[Prevention Of Food Adulteration Act] SC Quashes Conviction for Excess Moisture in Paneer

Supreme Court Law Insider

Sakina Tashrifwala

Published on: October 26, 2022 at 18:20 IST

The Supreme Court recently overturned a Bengal sweetmeat shop owner’s conviction for allegedly selling adulterated paneer because there was no “whisper in the complaint or in the evidence” as to whether the deviation from prescribed standards or composition could be attributed only to inescapable natural causes.

To put it another way, in order to secure a conviction for adulteration under the Prevention of Food Adulteration Act of 1954, the Public Analyst, whose opinion served as the basis for the prosecution, had to determine whether the proviso to the definition of ‘adulteration’ in Section 2(ia)(m) would be invoked.

This provision enshrined an exception for ‘primary food’ insofar as their quality or purity fell below the prescribed standards or their constituents were present in quantities exceeding the prescribed limit of variability “solely due to natural causes” and this departure was beyond “the control of human agency,” such articles of food would not be considered adulterated.

Allowing the sweetmeat shop’s appeal, the Bench of Justices S. Abdul Nazeer and V. Ramasubramanian observed that the Public Analyst’s report did not address issues such as whether the increase in moisture content in the paneer was due to natural causes, or whether the milk fat content was unsatisfactory due to milk quality.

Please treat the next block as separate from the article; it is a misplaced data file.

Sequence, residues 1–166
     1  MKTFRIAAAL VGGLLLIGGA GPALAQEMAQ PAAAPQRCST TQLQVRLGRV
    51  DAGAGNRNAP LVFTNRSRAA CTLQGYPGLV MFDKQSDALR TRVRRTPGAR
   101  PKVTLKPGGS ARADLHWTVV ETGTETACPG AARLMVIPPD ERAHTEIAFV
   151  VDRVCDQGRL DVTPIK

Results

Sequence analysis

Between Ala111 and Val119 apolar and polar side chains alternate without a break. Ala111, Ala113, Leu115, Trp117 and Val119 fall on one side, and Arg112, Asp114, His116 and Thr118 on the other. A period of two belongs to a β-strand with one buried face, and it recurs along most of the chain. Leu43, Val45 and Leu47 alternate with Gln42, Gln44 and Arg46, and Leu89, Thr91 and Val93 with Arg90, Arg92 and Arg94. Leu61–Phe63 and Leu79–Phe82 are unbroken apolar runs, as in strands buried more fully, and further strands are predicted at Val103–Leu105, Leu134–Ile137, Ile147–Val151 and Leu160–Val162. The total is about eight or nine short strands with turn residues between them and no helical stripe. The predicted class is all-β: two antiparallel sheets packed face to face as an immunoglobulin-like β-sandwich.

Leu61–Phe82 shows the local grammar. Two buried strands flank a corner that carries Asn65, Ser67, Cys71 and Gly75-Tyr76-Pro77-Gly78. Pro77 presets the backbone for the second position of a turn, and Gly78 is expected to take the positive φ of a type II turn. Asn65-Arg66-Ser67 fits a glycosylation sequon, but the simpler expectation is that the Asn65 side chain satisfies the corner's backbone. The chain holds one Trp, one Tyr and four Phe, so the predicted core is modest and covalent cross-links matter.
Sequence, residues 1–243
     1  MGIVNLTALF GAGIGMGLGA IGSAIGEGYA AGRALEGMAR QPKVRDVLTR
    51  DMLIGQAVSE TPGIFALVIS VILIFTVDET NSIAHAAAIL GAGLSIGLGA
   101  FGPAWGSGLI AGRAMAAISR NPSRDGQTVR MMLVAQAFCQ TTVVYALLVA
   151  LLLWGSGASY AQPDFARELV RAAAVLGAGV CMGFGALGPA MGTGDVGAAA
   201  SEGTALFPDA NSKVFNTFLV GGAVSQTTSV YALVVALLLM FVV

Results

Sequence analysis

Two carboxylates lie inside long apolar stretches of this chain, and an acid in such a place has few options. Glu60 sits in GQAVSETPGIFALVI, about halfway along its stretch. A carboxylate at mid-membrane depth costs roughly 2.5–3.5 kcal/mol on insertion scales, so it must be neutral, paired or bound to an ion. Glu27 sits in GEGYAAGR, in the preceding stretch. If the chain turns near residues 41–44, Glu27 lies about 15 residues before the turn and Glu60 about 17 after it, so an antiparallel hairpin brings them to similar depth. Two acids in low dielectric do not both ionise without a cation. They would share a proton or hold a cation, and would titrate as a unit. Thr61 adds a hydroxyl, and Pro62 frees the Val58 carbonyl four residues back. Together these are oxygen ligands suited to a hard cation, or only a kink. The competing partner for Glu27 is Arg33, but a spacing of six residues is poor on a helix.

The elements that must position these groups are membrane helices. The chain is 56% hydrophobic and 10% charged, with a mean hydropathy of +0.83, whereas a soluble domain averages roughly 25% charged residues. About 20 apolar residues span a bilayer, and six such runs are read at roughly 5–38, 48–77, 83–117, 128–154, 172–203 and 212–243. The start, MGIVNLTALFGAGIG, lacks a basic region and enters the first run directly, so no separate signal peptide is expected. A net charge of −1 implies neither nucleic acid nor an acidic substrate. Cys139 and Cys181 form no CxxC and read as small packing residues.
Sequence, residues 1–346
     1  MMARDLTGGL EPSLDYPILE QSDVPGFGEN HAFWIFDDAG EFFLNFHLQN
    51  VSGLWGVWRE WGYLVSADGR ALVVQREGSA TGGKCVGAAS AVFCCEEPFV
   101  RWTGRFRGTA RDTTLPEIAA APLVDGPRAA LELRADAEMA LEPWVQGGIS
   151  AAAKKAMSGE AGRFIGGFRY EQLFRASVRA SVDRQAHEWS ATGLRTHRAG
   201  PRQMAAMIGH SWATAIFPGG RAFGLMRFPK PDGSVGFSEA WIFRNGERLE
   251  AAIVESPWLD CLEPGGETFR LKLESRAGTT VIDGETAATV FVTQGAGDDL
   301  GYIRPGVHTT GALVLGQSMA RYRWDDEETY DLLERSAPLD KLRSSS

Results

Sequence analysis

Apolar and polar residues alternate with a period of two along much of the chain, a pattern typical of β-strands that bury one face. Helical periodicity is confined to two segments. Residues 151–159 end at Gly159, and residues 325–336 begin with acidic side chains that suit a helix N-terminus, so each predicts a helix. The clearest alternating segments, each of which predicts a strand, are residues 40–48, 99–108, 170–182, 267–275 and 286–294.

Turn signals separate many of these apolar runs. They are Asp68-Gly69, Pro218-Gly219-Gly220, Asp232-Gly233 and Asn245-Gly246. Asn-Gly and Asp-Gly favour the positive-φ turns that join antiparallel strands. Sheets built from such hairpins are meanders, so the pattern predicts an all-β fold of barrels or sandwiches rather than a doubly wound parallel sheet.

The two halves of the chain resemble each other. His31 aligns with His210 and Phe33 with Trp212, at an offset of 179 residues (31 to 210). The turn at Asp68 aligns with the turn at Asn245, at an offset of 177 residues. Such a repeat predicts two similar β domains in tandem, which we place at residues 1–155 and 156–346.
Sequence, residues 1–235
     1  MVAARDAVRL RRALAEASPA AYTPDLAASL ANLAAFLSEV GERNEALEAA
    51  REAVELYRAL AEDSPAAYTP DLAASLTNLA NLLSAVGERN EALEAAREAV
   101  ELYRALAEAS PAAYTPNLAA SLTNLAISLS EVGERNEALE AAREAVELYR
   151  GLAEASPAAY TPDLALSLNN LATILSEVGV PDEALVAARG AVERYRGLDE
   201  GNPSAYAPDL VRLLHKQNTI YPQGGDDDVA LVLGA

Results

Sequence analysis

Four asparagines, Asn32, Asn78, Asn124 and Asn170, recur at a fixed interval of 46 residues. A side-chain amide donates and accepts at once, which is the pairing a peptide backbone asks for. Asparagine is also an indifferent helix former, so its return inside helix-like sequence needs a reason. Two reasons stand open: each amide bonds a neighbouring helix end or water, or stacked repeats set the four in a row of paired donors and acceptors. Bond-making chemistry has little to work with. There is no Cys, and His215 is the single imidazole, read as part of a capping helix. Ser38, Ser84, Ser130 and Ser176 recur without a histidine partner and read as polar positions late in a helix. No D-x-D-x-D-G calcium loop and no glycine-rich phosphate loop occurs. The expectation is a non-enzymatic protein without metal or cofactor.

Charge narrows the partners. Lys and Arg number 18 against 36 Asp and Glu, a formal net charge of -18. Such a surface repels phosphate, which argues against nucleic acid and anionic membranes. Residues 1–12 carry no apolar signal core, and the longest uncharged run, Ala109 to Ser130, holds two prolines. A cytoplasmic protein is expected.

As a result, the complaint filed against the shop under Section 16(1)(a)(i) was deemed unsustainable. The court decided –

“There was no hint in the complaint or evidence that the case would fall under the proviso.” For example, the Public Analyst’s report states that the moisture content was 77.6%, which is higher than the prescribed limit of 70%.”

“However, there is no indication of whether the increased moisture content was due to natural causes. Even the milk fat content of the dry matter may be affected by the quality of the milk, which was not addressed.”

Before proceeding to the Supreme Court, and after an appeal was dismissed by the Sessions Court, the High Court’s revisional jurisdiction was invoked to examine the correctness of the Municipal Magistrate’s conviction.

The conviction was upheld by the Calcutta High Court, but the sentence was reduced.

The Supreme Court took a completely different stance on the conviction itself, ruling –

“We believe that a petty shop owner has been prosecuted for making a big deal out of nothing. As a result, the appeal is allowed, and the impugned High Court order confirming the Sessions Court’s and Magistrate’s orders is reversed. There shall be no cost order.”

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